The broth microdilution method was used to determine the minimum inhibitory concentration (MIC) [17]. For this purpose, serial dilutions (0.5-250 μg/mL) of each compound, dissolved in Mueller-Hinton broth, were added to 96-well plates, and the microbial suspensions were immediately added to each well. Microwells containing the culture medium were considered the negative controls, and the wells containing the media and microorganisms without any effective constituents were considered the positive controls (100% viability). Carbapenem was also assessed as a standard antibiotic. Finally, the microplates were transferred to a humidified incubator and maintained overnight at 37°C. The absorption of each well was read at 600 nm using a microplate reader, and the viability percentage of microorganisms in each tested well was calculated compared to the positive control. The concentration of each compound inhibiting the growth of A. baumannii by 90%, as compared to the control group, was considered as the MIC.

2.6.3. MBC Assay

The microorganisms were cultured overnight in a brain-heart infusion (BHI) medium, and a stock with a concentration of 105-106 CFU/mL was prepared. Next, 50 μL of different compounds (concentrations of 0.5 to 250 μg/mL) was added to a 96-well microplate, containing 40 μL of BHI and 10 μL of A. baumannii suspension. The plates were incubated overnight at 37°C. A volume of 10 μL from each tested well (including the controls) was added to a BHI agar plate and transferred to an incubator for another 24 hours at 37°C to examine the bactericidal effect of each compound. The concentration of each compound causing no growth of microorganisms was regarded as the MBC.

2.7. Cytotoxicity Assay (MTT Assay)

The cytotoxicity of Fer@AgNP was evaluated on the MCF-7 human cell line, using the MTT assay, according to a study by Gholami et al. [18]. In this study, the MCF-7 cell line was prepared by the Cell Bank of Pasteur Institute of Iran (NCBI code: C135). The cells were maintained in DMEM medium, containing 25 mM of glucose, 10% fetal bovine serum (FBS), penicillin (100 U/mL), and streptomycin (100 μg/mL). The cells were incubated at 37°C with 5% CO2 at 95% humidity. Briefly, the cell lines were suspended in the RPMI-1640 medium and seeded into a cell culture plate. The cells were maintained under standard conditions (5% CO2, 95% humidity, and temperature of 37°C) for 24 hours.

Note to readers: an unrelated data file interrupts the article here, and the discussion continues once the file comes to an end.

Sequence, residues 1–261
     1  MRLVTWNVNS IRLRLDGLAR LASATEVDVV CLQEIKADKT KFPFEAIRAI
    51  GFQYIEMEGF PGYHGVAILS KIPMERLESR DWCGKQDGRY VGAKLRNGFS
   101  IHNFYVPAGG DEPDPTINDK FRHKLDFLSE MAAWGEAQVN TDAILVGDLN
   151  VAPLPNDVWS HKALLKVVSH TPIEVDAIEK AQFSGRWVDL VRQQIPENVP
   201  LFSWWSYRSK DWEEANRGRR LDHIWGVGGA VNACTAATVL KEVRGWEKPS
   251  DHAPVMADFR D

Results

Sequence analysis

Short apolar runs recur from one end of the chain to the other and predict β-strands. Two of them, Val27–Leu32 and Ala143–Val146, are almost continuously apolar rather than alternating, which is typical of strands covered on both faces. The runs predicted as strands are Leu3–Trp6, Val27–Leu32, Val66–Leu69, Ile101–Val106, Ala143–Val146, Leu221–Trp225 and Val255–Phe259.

The RPMI-1640 medium was used to prepare different concentrations of each compound (1-500 μg/mL), which were later added to each well, containing cells attached to the bottom after removing the previous culture medium. The cells were incubated again for 24 hours, and 25 μL of 3-(4,5-dimethylthiazol-2-yl)-2,5-diphenyl tetrazolium bromide (MTT) solution was added to each well and incubated for four hours. To solubilize MTT-formazan crystals, 100 μL of dimethyl sulfoxide (DMSO) was added to the mixture and shaken for ten minutes [19]. An ELISA plate reader (BioTek, Winooski, VT, USA) was also utilized to calculate the absorbance of each well at a wavelength of 540 nm, compared to the equivalent well of untreated cells. Cell viability was calculated using the following equations: where OD represents the optical density and the cell viability percentage is the percentage of living cells after the test.

2.8. Statistical Analysis

The results of biological assays were analyzed using IBM SPSS software. One-way ANOVA, followed by Tukey’s post hoc test, was used to evaluate differences between the groups. All biological experiments (both antimicrobial tests and cytotoxicity assays) were performed in triplicate, and was considered statistically significant.

3. Results and Discussion

For the first time, this study is aimed at evaluating the biogenic synthesis of AgNPs using the extract of F. asafoetida as a reducing agent. This extract contained important biological components, such as proteins and ethylene groups, and could act as a capping/stabilizing agent. Their main components were investigated using a GC/MS apparatus.